Computer device 900 can be implemented with computer-readable media 908, such as one or more memory components, examples of which include random access memory (RAM), non-volatile memory (e.g., any one or more of a read-only memory (ROM), flash memory, EPROM, EEPROM, etc.), and a disk storage device. A disk storage device can include any type of magnetic or optical storage device, such as a hard disk drive, a recordable and/or rewriteable compact disc (CD), a DVD, a DVD+RW, and the like.

Computer-readable media 908 provides data storage mechanisms to store various information and/or data such as software applications and any other types of information and data related to operational aspects of computer device 900. For example, an operating system 910 and/or other application programs 912 can be maintained as software applications with the computer-readable media 908 and executed on processor(s) 906 to implement embodiments of a computer system events interface.

As an application program, computer events application 914 can be maintained with the computer-readable media 908 and executed on processor(s) 906 to implement embodiments of a computer system events interface. In various embodiments, the computer events application 914 monitors, receives, requests, receives, registers, and/or otherwise obtains the information and data from within any one or several computer devices to display the event indicators for computer events on a computer system events interface. Although the computer events application 914 is illustrated and described as a single application, the computer events application 914 can be implemented as several component applications or modules distributed to perform one or more functions of a computer system events interface.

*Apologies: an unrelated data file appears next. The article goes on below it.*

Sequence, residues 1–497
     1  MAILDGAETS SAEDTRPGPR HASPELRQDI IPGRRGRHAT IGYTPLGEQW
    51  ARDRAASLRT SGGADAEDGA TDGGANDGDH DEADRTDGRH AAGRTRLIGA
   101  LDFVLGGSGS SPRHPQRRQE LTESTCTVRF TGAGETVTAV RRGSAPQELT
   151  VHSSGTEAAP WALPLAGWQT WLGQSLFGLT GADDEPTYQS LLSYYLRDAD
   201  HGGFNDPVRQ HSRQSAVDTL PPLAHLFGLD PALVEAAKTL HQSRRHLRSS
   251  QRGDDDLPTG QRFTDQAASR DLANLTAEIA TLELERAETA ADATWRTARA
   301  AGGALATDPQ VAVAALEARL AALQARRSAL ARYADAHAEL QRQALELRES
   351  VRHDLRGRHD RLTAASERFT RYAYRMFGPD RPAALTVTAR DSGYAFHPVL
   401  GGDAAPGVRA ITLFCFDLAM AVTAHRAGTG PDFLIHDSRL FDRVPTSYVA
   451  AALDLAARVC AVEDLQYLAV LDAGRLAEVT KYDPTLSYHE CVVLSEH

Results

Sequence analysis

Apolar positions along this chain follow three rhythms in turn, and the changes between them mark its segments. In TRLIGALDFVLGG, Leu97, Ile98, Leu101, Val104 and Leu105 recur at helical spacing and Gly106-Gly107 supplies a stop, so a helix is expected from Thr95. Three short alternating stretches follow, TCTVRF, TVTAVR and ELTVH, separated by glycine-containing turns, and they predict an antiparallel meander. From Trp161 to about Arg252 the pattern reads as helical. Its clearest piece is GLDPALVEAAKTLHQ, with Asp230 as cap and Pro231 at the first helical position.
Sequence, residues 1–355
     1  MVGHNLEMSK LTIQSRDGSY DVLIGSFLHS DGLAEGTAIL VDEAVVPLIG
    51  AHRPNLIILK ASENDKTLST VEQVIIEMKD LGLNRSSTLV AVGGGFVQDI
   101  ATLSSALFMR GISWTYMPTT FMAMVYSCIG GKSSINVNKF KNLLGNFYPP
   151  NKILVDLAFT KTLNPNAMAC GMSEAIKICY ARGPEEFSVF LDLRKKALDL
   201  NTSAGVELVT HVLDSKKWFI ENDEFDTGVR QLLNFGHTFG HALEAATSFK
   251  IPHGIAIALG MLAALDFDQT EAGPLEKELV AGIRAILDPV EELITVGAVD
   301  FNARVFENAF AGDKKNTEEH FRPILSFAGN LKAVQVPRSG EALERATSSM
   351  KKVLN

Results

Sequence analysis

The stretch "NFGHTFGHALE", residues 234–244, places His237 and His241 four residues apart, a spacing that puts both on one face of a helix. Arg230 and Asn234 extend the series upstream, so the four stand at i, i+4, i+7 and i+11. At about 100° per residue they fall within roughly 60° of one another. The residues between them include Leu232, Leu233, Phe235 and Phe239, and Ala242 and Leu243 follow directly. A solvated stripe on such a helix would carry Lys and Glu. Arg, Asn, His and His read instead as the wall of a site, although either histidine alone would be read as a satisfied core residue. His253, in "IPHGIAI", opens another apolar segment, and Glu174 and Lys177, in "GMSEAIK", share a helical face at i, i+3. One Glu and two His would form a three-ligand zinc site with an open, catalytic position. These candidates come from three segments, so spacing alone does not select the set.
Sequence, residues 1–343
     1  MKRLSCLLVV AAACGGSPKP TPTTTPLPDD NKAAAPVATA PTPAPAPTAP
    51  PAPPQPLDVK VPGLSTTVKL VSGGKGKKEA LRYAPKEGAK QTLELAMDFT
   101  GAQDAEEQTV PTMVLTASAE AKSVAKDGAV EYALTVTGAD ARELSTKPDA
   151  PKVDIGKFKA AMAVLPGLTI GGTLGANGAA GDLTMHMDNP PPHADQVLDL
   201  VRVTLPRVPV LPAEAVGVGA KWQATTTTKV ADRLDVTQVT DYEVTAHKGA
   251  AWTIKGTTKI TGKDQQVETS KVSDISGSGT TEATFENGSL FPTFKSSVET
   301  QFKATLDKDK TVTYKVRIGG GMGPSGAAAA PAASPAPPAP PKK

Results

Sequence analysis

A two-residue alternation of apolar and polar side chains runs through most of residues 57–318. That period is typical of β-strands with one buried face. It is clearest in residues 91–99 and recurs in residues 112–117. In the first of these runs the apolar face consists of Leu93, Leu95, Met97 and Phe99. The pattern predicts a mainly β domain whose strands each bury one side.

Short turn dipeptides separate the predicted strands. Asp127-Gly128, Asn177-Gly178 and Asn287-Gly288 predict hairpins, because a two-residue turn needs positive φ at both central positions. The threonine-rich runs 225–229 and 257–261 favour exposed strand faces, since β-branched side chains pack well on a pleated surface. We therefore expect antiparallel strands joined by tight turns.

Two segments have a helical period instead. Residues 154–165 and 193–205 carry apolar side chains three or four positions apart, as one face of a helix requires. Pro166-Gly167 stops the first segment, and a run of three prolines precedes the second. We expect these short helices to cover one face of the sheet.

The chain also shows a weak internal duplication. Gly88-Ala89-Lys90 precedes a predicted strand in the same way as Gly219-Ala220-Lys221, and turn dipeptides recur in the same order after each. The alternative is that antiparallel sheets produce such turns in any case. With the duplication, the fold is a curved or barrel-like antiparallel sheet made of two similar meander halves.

Computer device 900 also includes an audio and/or video output 916 to provide audio and video data to an audio rendering and/or display system 918. The audio rendering and/or display system can include any devices that process, display, and/or otherwise render audio, video, and image data. Video signals and audio signals can be communicated from device 900 to a display device 920 via an RF (radio frequency) link, S-video link, composite video link, component video link, DVI (digital video interface) link, analog audio connection, or other similar communication link. Alternatively, the audio rendering and/or display system 918 are integrated components of the computer device 900.

Although shown separately, some of the components of computer 900 can be implemented in an application specific integrated circuit (ASIC). Additionally, a system bus (not shown) typically connects the various components within computer 900. A system bus can be implemented as one or more of any of several types of bus structures, including a memory bus or memory controller, a peripheral bus, an accelerated graphics port, or a local bus using any of a variety of bus architectures.

Although embodiments of a computer system events interface have been described in language specific to features and/or methods, it is to be understood that the subject of the appended claims is not necessarily limited to the specific features or methods described. Rather, the specific features and methods are disclosed as example implementations of a computer system events interface.